Ten studies were included in the review: six randomised controlled trials (491 participants) and four non-randomised studies (460 participants). Five studies scored 3 points on the quality assessment scale. Length of follow-up ranged from the end of treatment to three years.
Pain (seven studies): Four studies found significantly greater improvements for mindfulness-based interventions than the comparison group (waiting list or progressive muscle relaxation). One study with three arms (mindfulness-based interventions, CBT and a support group) found mindfulness-based interventions to be superior to the support (educational) group but inferior to CBT. Two further studies found no significant difference between mindfulness-based interventions plus qigong and educational or between mindfulness-based interventions and massage/waiting list.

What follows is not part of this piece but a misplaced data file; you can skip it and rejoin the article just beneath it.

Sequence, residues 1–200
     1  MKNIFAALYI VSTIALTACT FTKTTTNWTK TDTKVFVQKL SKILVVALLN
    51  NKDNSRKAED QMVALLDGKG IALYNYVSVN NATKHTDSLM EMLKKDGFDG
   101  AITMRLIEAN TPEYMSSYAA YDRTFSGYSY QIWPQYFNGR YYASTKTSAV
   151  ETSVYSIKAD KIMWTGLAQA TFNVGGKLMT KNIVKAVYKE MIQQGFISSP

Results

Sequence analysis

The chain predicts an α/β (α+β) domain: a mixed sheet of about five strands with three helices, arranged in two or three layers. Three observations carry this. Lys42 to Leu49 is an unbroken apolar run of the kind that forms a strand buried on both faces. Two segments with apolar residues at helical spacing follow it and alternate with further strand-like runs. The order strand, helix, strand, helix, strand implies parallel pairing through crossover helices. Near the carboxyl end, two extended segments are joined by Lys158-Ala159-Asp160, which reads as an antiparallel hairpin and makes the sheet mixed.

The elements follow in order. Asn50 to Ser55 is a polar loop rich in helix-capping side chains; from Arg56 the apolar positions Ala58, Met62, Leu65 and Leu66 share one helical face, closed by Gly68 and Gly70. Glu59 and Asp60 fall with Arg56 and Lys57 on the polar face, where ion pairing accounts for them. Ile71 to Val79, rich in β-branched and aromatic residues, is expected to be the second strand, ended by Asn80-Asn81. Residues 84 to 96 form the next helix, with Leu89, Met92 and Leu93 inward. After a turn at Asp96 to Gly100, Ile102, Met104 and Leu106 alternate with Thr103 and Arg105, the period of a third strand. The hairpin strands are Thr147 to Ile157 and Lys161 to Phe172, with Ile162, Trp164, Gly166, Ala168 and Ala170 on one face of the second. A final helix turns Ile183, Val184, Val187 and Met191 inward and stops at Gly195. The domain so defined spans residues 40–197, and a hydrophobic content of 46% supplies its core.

Depression (six studies): Four studies found significantly greater improvements for mindfulness-based interventions than a comparison group (waiting list or progressive muscle relaxation). But other studies reported no significant benefit for mindfulness-based interventions relative to CBT or an educational support group (whether the mindfulness-based intervention was delivered alone or in combination with qigong).
Further findings on coping with pain, physical function, stress reduction and quality of life were discussed in the article.